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Great Lakes Article:

River dredging under way
Meggen Lindsay
Northwest Indiana Times

GARY -- U.S. Steel Corp. began cleaning part of the Grand Calumet River this week, launching the nation's largest dredging project to date and one that will cost the company $41 million.

After more than 12 years of planning, on Wednesday a hydraulic dredge began pumping out the first of 750,000 square yards of contaminated sediments to be removed from the river.

Decades of unchecked industrial and municipal waste have ravaged the Grand Calumet, which flows into Illinois from Gary. U.S. Steel's efforts are part of a larger effort by the government, businesses and environmental groups to clean the polluted waterway.

"It's important to understand that this damage was done in the years before the Clean Water Act, when the actions were accepted," said U.S. Steel Environmental Control Manager Ken Mentzel, as he looked out on the green and brown swirls of flowing water.

"You can see why we are doing this."

The company, which is operating under a 1999 federal consent decree and a 1998 Resource Conservation and Recovery Act order, will dredge 5.1 miles of the Grand Calumet beginning at its Gary Works site over the next nine months.

U.S. Steel's consent decree, first initiated in 1990, and the RCRA order are court-ordered agreements between the company and the U.S. Environmental Protection Agency that outline how the waterway should be cleaned.

The contaminated sediments are pumped into a large pipe alongside the river that stretches to an on-site storage area called a Corrective Action Management Unit, or CAMU. The layers of lining at the containment site, which spans 38 acres, are enough to cover 150 football fields.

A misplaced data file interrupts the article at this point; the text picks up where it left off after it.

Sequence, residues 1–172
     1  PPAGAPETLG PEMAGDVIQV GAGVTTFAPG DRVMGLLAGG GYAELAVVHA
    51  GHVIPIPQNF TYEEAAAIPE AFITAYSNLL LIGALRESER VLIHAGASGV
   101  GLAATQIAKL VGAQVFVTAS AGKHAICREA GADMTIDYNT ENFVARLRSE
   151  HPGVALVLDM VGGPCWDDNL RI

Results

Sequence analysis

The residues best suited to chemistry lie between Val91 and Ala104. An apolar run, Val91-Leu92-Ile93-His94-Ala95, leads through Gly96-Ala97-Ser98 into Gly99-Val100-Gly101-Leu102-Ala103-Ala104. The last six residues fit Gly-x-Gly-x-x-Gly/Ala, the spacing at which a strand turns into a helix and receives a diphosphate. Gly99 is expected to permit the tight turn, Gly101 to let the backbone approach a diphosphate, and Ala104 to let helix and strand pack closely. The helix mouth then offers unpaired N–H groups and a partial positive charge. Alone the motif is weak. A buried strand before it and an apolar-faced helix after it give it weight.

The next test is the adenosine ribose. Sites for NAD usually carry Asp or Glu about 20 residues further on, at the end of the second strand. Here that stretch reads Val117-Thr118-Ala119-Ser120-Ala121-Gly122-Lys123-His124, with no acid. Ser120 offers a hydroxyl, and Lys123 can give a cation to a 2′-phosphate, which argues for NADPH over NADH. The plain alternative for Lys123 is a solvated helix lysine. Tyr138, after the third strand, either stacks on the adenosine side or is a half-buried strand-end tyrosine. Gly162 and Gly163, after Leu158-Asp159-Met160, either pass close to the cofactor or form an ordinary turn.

Sediments at the CAMU will be discharged under water, which acts as a seal until the site is filled and topped off with vegetation, said Rick Menozzi, project manager and director of environmental remediation at U.S. Steel.

"We have constant air monitoring at the site and will continue to monitor until the water is out and we are assured that the material has stabilized," he said.

Menozzi said U.S. Steel's methods are quite different than how the U.S. Army Corps of Engineers plans to dredge the Indiana Harbor and Ship Canal in East Chicago in 2005. The Army Corps intends to scoop out the sediments using a clamshell-like machine, load them onto barges and bring them into an open-air confined disposal facility.

Some East Chicago residents are worried that contaminants in the sediment could become airborne during dredging and containment. They instead want the Army Corps to use hydraulic dredging like U.S. Steel's, which sucks up the sediment and pipes it underwater to the containment site.

"The sediments we dredge are never in the open air," Mentzel said.

Like the Army Corps, U.S. Steel also holds community meetings to inform the public. But unlike the corps project, most residents and local environmental groups -- such as the Grand Calumet Task Force and Save the Dunes Council -- are supportive of the company's project.

"We've always tried to share our progress with the people and listen to their concerns," Menozzi said. "We have made all of our actions open to the public."

Although Menozzi said U.S. Steel only needed to dredge half of what they are removing to meet federal requirements, he said the company wanted to do more.

Once the dredging is completed, U.S. Steel will also restore riverbank vegetation, improve fish habitat in the river and deed 32 acres of adjacent natural property to the National Park Service.

"This is a project that will clearly make a difference," Menozzi said. "We are working to restore this river back to what it was."

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